Have you ever witnessed a mesmerizing green flash just as the sun sets on the horizon? This captivating optical phenomenon, known as an inferior mirage green flash, occurs when warm air above the ocean causes the sun's rays to be reflected upwards, creating an inverted image of the sun beneath the actual one. While this phenomenon has been observed for centuries, its detailed explanation continues to fascinate scientists and enthusiasts alike.
To understand the mechanics behind an inferior mirage green flash, we must delve into the concept of inferior mirages. These mirages are formed due to a rapid change in air temperature gradient near the ocean or Earth's surface. As the sun's rays pass through the boundary between cool and warm layers of air, refraction causes them to bend upwards. This bending occurs because refraction tends to deflect rays towards the denser layer of air. Consequently, an observer situated above this layer witnesses two solar images: an erect image from rays that pass relatively undisturbed above the warm layer, and a lower inverted image from rays reflected upwards by the warm layer.
As the sun sets, these two images gradually converge, eventually overlapping to form a distinctive "omega" shape. However, it is during a later stage of sunset that the magic of a green flash unfolds. The deflection caused by the warm layer and cooler air boundary becomes extremely sensitive to the angle of incidence of the sun's rays. Even small deviations in this angle are vertically magnified, including the difference in deflection between red and green rays. This amplification provides the necessary separation between green and red that refraction through a normal atmosphere cannot achieve.
The appearance of a green flash is truly a sight to behold. As the sun approaches the horizon, a patch of pure green emerges for a fleeting moment just above its upper rim. This green flash is a result of the vertical magnification of small differences in the angles of red and green rays. The diagram illustrating this phenomenon may exaggerate the curvature of the rays and the vertical scale, but it serves as a visual aid to comprehend the intricate workings behind the green flash.
If you're eager to explore this captivating atmospheric optics phenomenon further, Andrew T. Young's website offers a comprehensive explanation, complete with accurate mirage ray paths and an animated simulation. With these resources, you can delve deeper into the complexities of inferior mirage green flashes and gain a deeper appreciation for the natural wonders that grace our skies.
In conclusion, inferior mirage green flashes are a remarkable optical phenomenon that occurs during sunset. They are the result of warm air near the ocean or Earth's surface causing the sun's rays to bend upwards, creating an inverted image of the sun beneath the real one. As the sun sets, these images merge to form an "omega" shape, and during a later stage, the deflection of the rays becomes sensitive to the angle of incidence, resulting in a distinct green flash. While the phenomenon may seem elusive, it continues to captivate both scientists and observers, providing us with a glimpse into the awe-inspiring beauty of our natural world.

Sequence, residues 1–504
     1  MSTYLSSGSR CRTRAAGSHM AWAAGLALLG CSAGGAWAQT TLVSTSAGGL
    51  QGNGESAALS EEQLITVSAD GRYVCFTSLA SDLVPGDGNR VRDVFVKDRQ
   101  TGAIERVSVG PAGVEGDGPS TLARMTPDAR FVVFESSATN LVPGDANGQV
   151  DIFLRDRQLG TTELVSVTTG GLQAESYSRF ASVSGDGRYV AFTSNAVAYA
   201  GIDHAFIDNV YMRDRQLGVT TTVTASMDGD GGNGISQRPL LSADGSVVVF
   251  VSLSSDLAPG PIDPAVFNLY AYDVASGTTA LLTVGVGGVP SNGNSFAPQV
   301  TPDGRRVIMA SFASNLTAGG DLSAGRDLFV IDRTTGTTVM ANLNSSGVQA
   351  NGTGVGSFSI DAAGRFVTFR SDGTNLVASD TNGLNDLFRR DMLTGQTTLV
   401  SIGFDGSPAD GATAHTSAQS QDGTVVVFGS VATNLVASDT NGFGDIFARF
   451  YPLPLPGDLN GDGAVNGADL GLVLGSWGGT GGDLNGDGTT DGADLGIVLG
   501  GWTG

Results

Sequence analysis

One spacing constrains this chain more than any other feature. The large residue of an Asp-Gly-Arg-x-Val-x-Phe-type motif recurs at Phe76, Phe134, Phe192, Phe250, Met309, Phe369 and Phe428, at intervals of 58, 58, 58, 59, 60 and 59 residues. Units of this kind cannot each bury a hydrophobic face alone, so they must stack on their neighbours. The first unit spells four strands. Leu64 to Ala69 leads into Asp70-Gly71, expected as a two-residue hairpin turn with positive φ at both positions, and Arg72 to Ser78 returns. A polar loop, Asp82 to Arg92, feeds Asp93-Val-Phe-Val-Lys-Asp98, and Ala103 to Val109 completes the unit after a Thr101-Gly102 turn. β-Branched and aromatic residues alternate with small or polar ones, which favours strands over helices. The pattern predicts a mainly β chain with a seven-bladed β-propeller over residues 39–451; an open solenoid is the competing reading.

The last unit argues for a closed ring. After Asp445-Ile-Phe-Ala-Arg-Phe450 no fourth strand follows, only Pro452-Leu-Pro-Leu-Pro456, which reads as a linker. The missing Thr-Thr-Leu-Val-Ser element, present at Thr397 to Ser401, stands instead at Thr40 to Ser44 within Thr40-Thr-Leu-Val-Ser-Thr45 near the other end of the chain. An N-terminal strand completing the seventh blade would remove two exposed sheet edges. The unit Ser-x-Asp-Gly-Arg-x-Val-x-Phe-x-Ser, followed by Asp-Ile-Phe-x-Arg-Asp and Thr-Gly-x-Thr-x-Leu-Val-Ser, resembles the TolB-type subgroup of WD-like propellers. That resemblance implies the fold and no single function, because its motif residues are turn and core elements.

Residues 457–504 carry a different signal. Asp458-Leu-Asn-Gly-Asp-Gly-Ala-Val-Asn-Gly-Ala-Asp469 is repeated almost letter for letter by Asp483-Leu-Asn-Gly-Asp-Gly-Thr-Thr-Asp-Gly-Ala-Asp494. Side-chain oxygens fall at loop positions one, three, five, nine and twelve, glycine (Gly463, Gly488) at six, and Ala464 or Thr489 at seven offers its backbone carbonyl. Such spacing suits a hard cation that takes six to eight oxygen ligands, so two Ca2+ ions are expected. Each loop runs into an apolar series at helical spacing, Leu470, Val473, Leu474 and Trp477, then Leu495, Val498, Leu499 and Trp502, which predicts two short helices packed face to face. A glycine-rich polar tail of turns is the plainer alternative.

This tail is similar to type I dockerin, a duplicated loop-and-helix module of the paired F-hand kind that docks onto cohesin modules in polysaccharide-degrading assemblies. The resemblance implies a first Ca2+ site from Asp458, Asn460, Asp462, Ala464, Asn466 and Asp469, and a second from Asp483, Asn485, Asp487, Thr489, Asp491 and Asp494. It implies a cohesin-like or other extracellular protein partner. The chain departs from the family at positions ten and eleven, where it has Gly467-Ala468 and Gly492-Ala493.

Warn air immediately above the ocean causes the sun's rays to be mirrored back upwards. The rays produce an inverted sun beneath the 'real' one. When the sun has almost set the mirroring becomes very sensitive to the angle of the rays. Small differences between the angles of red and green rays are vertically magnified. A patch of almost pure green is seen - a green flash. The diagram greatly exaggerates the ray curvatures and vertical scale.
Inferior mirages are produced by warm air at the ocean or earth's surface and an air temperature gradient changing rapidly with height. Rays from a low sun are refracted back upwards as they pass between the cool and warm layers. Refraction always tends to deflect rays towards the denser layer. An observer above the layer sees two solar images or parts of them (1) an erect image from rays that pass relatively undeflected above the warm layer and (2) a lower inverted image from rays mirrorred upwards by the warm layer. Each sun image is as 'real' as the other. The effect is not dissimilar to the mirage seen above a hot road surface.
As the sunset proceeds the upper and lower images approach, touch and eventually overlap to form an 'omega' shaped sun.
A green flash occurs because at a later stage the deflection by the warm layer/cooler air boundary becomes very sensitive to the angle of incidence of the sun's rays. Small deviations are vertically magnified including the difference in deflection between red and green rays. This amplification provides the separation between green and red that refraction through a normal atmosphere cannot accomplish.
Andrew T. Young's site has a fuller explanation, accurate mirage ray paths and an animated simulation.
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"Inferior Mirage Green Flash". Atmospheric Optics. Accessed on December 10, 2023. https://atoptics.co.uk/blog/inferior-mirage-green-flash-2/.
"Inferior Mirage Green Flash". Atmospheric Optics, https://atoptics.co.uk/blog/inferior-mirage-green-flash-2/. Accessed 10 December, 2023
Inferior Mirage Green Flash. Atmospheric Optics. Retrieved from https://atoptics.co.uk/blog/inferior-mirage-green-flash-2/.